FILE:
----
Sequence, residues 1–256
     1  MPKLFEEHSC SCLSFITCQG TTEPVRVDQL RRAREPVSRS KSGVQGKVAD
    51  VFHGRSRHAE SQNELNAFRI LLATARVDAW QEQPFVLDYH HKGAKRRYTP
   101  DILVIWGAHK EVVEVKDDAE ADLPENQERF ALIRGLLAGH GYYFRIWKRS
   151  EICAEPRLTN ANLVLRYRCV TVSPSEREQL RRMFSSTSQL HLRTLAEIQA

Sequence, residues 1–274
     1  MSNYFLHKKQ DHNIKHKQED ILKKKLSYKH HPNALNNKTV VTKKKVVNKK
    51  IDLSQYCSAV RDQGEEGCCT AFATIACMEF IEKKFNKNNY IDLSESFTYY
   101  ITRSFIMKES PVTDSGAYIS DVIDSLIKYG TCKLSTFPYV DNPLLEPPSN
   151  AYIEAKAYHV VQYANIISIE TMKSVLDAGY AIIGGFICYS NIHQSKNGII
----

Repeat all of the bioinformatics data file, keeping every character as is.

Sequence, residues 1–256
     1  MPKLFEEHSC SCLSFITCQG TTEPVRVDQL RRAREPVSRS KSGVQGKVAD
    51  VFHGRSRHAE SQNELNAFRI LLATARVDAW QEQPFVLDYH HKGAKRRYTP
   101  DILVIWGAHK EVVEVKDDAE ADLPENQERF ALIRGLLAGH GYYFRIWKRS
   151  EICAEPRLTN ANLVLRYRCV TVSPSEREQL RRMFSSTSQL HLRTLAEIQA

Sequence, residues 1–274
     1  MSNYFLHKKQ DHNIKHKQED ILKKKLSYKH HPNALNNKTV VTKKKVVNKK
    51  IDLSQYCSAV RDQGEEGCCT AFATIACMEF IEKKFNKNNY IDLSESFTYY
   101  ITRSFIMKES PVTDSGAYIS DVIDSLIKYG TCKLSTFPYV DNPLLEPPSN
   151  AYIEAKAYHV VQYANIISIE TMKSVLDAGY AIIGGFICYS NIHQSKNGII